posted on Jul, 17 2003 @ 07:18 AM
Tex Schramm, the innovative showman who helped build the Dallas Cowboys into "America's Team" and was instrumental in the NFL's evolution and
popularity, died Tuesday. He was 83.
Schramm's son-in-law, Greg Court, told The Associated Press that the former Cowboys president and general manager died at his Dallas home.
"The NFL family has lost one of its giants," NFL commissioner Paul Tagliabue said in a statement. "Tex Schramm was one of the visionary leaders in
sports history -- a thinker, doer, innovator and winner with few equals."
Schramm hired Tom Landry as the Cowboys' first coach and was with the team for the first 29 seasons. He left in 1989, two months after Jerry Jones
bought the club and fired Landry, and was elected to the Pro Football Hall of Fame two years later.
Without playing a down, Schramm did as much as anyone to shape today's NFL.
"He played a major role in building the NFL into America's passion by developing a glamour franchise with national appeal and by his leadership on so
many league issues," Tagliabue said.
Instant replay, sideline radios in quarterback helmets and starting the play clock immediately after the previous play were his ideas. So were
wrinkles such as wide sideline borders and wind-direction strips dangling atop goalpost uprights.
He also promoted the six-division, wild-card playoff concept and introduced the world to the Cowboys cheerleaders. The nickname "America's Team"
wasn't originally his, but he was the one who popularized it.
"Tex was the ultimate football-minded man," said Hall of Famer Bob Lilly the team's first draft pick. "He loved the game and he had a flair about him
of show business."
But for 12 years, Schramm remained the Cowboys' only Hall of Famer not to be inducted into the club's Ring of Honor because of a strained relationship
In April, Jones decided the man who created the Ring should be in it. Schramm, who brought the first 11 inductees to the Cowboys, was going to become
the 12th member this fall.
"I never gave up hope," he said at a news conference announcing his selection, his eyes filling with tears. "Things that should happen to people that
deserve them, usually do happen."
A strong personality with an imaginative football mind, Schramm had a protective love of the NFL.
Schramm was a significant force in the AFL-NFL merger in 1966 and was the original chairman of the league's competition committee, a position he held
from 1966-88. His first committee members were Vince Lombardi, Paul Brown and Al Davis.
"He was a competitor and loved to argue, but he had a lot of class and you always knew he was trying to do what was best for the NFL," Gene Upshaw,
executive director of the NFL Players' Association, said in statement.
Before being hired by Cowboys founder Clint Murchison in 1960 to run the expansion team, Schramm worked for the Los Angeles Rams from 1947-56. He
worked his way up from publicity director to general manager, then became an executive for CBS-TV Sports.
While with the Rams, he gave eventual NFL commissioner Pete Rozelle his first job in the league -- as the team's publicity director.
With CBS, Schramm learned the intricacies of wedding football and television, a marriage that has brought the league billions of dollars. He
orchestrated the first TV broadcast of the Winter Olympics, and hired Pat Summerall to broadcast New York Giants football games.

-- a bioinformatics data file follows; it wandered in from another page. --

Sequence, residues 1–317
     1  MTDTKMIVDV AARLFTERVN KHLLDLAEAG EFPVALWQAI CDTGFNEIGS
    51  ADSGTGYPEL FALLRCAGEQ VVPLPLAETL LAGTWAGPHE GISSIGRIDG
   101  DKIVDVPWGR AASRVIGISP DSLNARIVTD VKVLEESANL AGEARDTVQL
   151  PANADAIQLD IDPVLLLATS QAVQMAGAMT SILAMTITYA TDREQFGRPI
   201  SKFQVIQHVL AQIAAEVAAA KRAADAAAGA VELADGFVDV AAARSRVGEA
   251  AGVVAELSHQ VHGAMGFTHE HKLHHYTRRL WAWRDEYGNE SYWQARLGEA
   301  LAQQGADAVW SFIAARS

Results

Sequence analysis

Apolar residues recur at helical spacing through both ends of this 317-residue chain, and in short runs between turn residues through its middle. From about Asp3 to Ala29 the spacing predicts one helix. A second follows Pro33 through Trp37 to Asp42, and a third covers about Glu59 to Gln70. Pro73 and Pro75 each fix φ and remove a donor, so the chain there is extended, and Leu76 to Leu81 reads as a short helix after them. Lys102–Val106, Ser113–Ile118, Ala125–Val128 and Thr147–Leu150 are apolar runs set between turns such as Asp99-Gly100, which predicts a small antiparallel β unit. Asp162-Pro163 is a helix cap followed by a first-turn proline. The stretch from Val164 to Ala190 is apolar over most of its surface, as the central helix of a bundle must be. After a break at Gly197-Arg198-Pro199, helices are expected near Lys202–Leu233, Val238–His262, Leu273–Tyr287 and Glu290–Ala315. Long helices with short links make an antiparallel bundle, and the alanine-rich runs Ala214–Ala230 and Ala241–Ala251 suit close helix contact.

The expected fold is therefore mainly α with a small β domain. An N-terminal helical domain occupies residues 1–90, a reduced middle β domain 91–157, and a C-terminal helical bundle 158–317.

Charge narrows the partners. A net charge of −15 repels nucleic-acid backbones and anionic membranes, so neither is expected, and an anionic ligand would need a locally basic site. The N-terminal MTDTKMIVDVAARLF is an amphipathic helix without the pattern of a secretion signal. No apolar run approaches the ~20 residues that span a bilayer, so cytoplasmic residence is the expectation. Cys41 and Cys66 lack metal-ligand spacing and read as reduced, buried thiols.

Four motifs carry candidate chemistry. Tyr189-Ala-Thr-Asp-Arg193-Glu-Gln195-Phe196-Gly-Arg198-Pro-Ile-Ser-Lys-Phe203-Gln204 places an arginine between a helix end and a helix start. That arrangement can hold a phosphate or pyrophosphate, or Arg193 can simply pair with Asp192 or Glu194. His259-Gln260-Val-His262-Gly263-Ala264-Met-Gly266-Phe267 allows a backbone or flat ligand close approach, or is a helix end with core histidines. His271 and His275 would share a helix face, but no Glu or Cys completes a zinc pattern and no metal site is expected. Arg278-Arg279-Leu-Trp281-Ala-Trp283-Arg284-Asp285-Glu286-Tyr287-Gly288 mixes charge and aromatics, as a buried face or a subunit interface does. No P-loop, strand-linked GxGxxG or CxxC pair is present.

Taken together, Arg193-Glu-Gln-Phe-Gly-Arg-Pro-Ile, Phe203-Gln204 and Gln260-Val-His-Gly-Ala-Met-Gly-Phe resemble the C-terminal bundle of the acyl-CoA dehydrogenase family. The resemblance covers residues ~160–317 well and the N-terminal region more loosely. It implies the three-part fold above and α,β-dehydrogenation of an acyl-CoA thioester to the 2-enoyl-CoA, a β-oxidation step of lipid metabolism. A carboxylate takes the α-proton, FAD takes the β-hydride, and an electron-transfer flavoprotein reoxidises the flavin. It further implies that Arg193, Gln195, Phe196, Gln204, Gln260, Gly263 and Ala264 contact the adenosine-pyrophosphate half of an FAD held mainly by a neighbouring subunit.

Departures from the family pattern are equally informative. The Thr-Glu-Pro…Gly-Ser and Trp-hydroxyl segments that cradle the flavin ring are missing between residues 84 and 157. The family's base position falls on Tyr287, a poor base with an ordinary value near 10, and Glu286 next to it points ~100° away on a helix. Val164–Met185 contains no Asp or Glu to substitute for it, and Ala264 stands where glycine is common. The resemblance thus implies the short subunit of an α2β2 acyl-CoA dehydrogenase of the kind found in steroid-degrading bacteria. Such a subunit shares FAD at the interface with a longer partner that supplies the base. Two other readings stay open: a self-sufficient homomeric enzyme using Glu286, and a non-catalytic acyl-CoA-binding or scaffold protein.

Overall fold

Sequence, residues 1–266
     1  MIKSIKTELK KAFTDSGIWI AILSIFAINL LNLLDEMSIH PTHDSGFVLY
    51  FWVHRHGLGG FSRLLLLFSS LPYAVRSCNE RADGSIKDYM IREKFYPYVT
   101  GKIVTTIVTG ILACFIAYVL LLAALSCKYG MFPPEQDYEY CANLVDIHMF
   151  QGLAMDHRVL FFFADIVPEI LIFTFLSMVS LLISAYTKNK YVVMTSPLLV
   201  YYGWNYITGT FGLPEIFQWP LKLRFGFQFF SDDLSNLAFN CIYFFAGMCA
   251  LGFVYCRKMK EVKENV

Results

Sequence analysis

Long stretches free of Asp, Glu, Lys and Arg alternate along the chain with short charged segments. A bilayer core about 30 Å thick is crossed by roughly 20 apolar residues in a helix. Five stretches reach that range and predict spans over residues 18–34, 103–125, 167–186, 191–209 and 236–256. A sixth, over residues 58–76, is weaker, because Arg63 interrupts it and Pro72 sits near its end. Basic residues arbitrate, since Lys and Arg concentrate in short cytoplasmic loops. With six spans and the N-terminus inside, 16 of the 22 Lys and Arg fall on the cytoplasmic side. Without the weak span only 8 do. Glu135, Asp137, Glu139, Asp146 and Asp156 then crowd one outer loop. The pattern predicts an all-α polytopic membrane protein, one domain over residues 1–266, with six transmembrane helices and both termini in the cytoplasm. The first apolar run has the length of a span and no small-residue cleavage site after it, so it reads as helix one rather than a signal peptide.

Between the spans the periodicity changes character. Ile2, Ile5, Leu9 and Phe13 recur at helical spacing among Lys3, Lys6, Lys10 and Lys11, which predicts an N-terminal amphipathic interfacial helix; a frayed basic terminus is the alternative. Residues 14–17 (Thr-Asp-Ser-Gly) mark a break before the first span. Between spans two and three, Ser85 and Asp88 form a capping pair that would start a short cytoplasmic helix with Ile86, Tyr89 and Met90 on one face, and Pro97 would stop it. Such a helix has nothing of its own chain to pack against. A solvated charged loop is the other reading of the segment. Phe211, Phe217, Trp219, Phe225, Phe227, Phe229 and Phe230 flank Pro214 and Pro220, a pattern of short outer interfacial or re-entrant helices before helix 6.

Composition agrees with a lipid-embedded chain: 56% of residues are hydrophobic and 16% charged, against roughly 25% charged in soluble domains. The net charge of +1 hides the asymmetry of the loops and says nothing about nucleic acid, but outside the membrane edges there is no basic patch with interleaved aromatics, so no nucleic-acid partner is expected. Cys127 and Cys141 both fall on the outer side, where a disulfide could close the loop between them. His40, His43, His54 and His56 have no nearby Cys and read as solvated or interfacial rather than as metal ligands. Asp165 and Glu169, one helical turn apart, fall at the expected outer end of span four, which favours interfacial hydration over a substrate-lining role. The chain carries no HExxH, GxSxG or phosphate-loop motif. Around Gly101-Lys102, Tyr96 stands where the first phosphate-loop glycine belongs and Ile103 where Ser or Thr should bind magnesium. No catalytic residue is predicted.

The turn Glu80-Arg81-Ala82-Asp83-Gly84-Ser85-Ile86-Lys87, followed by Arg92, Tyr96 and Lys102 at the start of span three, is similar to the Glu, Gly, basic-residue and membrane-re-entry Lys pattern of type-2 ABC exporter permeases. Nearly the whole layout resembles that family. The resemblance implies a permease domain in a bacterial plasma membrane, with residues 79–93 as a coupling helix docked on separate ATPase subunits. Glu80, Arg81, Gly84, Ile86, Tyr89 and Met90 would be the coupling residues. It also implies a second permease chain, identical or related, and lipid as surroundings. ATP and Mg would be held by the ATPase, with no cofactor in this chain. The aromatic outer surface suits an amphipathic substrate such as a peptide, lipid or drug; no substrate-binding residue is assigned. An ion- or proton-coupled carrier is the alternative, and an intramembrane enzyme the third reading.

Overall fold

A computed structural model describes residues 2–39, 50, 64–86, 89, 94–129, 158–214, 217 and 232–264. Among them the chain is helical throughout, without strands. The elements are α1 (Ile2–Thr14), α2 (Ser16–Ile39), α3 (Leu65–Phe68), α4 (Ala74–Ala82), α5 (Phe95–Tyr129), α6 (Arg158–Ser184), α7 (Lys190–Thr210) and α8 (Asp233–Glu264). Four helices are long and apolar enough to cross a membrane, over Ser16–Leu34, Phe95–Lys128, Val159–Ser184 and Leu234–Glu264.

Schramm was 39 when Murchison, a prominent Texas oilman, hired him to start an expansion team that had yet to be approved by the NFL.
Among his first hires was Landry. Although opposite personalities, their "business relationship" -- as Schramm called it -- produced 20 straight
winning seasons, 18 playoff appearances, 13 division titles and five Super Bowl appearances.
Dallas didn't win a game its first season, then when high hopes fizzled in 1963, there were rumblings that a coaching change was needed. Schramm got
Landry a 10-year contract instead.
The Cowboys went on to win division titles in 1966 and '67, leading to memorable playoff losses to the Green Bay Packers, including the Ice Bowl. They
finally won Super Bowls after the 1971 and 1977 seasons.
When the tide turned in the 1980s, owner Bum Bright wanted Landry fired. Schramm refused.
Schramm was with Jones when Landry was fired in February 1989, but two months later he announced his resignation at the same meeting during which the
sale of the team was approved. A rift developed between Schramm and the Cowboys' new organization, until he dined with Jones in March.
Schramm's marketing genius helped turn the Cowboys into one of the world's most-recognized teams.
An early success was in 1966, when he volunteered to host a second NFL game on Thanksgiving Day. Dallas played Cleveland in the Cotton Bowl that
Thursday, drawing the largest crowd in franchise history (80,259).
In 1972, Schramm decided to entertain fans with professional dancers rather than high school cheerleaders. The seven-member squad forever changed the
Schramm also developed the largest radio network any sports team ever had. Cowboys games were broadcast on 225 stations in 19 states, plus a
Spanish-speaking network with 16 stations in seven states and Mexico.
He also was highly involved in labor battles.
After the 1966 merger, Schramm was called upon to negotiate a settlement with the players' union. He wound up with a then-unprecedented four-year
When players went on strike in 1987, Schramm was one of the leading forces for using replacement players.
"Once the players saw the league could go on without them, that was the end of the strike," Schramm later said.
There hasn't been another strike in the NFL.
Schramm was born in San Gabriel, Calif., where he his football-playing days ended after high school. The 147-pound fullback opted for a journalism
degree from the University of Texas and became a sports writer after a stint in the Air Force.